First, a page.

SAN DIEGO (NEWS 8) - Recent deadly and destructive wildfires in California have people wondering if it could happen again here in San Diego County.
Experts agree SDG&E is ahead of the curve when it comes to wildfire safety but people living in San Diego’s back country believe more can be done to protect the public.
Joseph Mitchell has his own house in order when it comes to wildfire safety.
He is a wildfire safety consultant who has installed water sprayers on his home off Mussey Grade Road in Ramona.
Mitchell is preparing to submit written testimony in Sacramento about statewide protocols for shutting off electricity in the back country as a way of preventing wildfires.
“Ideally, you don't want to have to shut off the power,” said Mitchell.
“We need to build to a standard where the equipment can withstand the weather that we expect in San Diego County,” he said.
Last year, SDG&E shut off power four times in the back country during windy conditions in an effort keep its power lines from sparking wildfires; a practice that Mitchell said can be risky.
“You have difficulties in evacuation when the lights are off. You have people unable to communicate, unable to report a fire, unable to know what fires are coming. People are breaking out barbeque grills and candles, firing up generators that haven't run in five years, all under extreme weather conditions,” Mitchell said.
SDG&E’s largest power shutdown last year was in November when 25,000 customers were without power for up to five days.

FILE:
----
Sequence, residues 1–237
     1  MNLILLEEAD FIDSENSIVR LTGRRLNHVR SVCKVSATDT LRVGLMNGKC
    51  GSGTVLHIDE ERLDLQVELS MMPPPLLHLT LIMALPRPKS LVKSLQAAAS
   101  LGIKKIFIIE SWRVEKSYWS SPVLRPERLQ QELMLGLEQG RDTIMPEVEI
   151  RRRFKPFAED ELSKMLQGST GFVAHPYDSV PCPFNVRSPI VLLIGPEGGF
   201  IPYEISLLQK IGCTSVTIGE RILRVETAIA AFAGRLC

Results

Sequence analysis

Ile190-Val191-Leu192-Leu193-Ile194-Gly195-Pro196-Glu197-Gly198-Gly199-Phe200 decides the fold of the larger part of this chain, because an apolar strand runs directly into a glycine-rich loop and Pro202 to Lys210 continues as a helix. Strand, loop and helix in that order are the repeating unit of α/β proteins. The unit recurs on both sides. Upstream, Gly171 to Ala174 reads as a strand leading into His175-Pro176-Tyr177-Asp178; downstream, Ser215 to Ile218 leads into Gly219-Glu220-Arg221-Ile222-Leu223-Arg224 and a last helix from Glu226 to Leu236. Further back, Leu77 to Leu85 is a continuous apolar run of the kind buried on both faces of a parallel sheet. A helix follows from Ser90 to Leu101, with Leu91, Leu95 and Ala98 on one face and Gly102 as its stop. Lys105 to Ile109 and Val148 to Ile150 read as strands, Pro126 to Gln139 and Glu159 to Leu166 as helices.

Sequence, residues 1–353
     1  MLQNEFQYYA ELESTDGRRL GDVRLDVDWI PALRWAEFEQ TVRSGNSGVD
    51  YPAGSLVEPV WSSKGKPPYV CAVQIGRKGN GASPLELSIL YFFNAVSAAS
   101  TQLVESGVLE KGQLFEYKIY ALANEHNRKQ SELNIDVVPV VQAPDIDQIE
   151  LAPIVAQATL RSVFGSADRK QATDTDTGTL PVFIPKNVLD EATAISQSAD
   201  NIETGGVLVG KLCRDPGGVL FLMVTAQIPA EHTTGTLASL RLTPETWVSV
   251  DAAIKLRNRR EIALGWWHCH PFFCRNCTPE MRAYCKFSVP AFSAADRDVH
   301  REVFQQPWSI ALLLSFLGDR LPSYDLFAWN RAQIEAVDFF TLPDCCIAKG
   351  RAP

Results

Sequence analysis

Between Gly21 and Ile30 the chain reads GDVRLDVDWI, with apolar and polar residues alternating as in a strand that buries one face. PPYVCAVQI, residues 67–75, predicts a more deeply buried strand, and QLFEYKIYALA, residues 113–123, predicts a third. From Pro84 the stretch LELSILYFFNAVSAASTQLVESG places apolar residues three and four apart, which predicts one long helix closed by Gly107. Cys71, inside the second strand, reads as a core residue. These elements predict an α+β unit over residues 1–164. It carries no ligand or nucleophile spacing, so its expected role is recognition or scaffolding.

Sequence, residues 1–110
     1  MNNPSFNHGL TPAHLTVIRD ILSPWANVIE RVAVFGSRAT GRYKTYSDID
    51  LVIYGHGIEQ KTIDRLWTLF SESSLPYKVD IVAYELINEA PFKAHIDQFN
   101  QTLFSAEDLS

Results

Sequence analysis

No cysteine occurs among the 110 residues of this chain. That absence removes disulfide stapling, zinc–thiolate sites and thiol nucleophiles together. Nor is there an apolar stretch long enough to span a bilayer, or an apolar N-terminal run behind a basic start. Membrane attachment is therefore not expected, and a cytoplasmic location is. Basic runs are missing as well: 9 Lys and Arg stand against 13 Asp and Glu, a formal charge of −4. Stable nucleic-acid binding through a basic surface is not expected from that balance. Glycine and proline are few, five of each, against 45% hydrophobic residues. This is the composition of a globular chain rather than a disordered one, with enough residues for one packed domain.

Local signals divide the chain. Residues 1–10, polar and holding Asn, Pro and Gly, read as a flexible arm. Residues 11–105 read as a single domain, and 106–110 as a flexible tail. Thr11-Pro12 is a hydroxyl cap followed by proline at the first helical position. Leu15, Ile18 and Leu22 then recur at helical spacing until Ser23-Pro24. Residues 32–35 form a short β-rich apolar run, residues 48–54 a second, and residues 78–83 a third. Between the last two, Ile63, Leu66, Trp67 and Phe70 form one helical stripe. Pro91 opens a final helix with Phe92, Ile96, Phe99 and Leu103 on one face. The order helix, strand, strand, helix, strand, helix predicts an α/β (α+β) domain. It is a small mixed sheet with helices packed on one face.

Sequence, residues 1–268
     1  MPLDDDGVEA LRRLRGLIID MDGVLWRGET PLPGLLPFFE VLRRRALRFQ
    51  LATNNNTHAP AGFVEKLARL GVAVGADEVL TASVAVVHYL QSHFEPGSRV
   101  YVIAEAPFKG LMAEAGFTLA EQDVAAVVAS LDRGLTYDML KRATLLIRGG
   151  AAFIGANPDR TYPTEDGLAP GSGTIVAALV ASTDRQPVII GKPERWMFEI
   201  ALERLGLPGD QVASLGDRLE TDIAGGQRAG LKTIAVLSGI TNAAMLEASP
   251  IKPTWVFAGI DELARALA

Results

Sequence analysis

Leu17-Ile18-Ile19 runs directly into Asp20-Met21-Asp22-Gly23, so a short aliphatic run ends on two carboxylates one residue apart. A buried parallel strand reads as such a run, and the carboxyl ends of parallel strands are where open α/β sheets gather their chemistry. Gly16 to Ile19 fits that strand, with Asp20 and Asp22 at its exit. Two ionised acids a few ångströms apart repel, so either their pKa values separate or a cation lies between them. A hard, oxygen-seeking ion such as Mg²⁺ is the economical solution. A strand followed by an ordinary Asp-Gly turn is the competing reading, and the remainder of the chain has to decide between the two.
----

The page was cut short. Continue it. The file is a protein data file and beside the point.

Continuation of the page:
After the wind storm died down, inspectors went out and took photographs of damage to the power system.
They found downed trees and broken power lines, which had to be fixed before the power could be turned back on.
Critics say the damage that inspectors found is proof that SDG&E’s system is not built strong enough to withstand high winds, and more tree maintenance needs to be done.
Not surprisingly SDG&E disagrees.
The utility’s director of fire science, Brian D’Agostino, said SDG&E has a state-of-the-art weather center that monitors wind speeds countywide, as well as a network of live weather camera to spot fires.
The company has spent a billion dollars replacing old wood poles with new steel ones, including SDG&E poles in the area where the Witch Creek fire started in 2007.
SDG&E customers typically foot the bill for system upgrades and preventative measures, which include building a system to withstand ever-higher wind speeds.
“In some cases, lines are built to withstand wind gusts over 56 miles per hour. In other areas 85 and now we're developing over 100 miles an hour (systems),” said D’Agostino.
“So, the lines can be extremely resilient but a lot of what that doesn't prevent is things flying through the air,” said D’Agostino.
Bottom line, SDG&E said, wildfires sparked during extreme weather conditions can never be completely avoided.
“The reality of Santa Ana winds is that they're always here and always will be associated with wildfires across Southern California. The safest option for the community at some points is de-energization,” said D’Agostino.
But Mitchell, the Ramona wildfire safety expert, said SDG&E needs to be more forthcoming with solutions and the associated costs.
“You tell us what the solutions are and what they cost and then let the public make the decision about whether we pay SDG&E to upgrade its system so it doesn't have to shut off power,” Mitchell said.
The California Public Utilities Commission will be holding hearings later this month to create statewide protocols for the de-energization of power lines to prevent wildfires.
The first prehearing is set for February 19.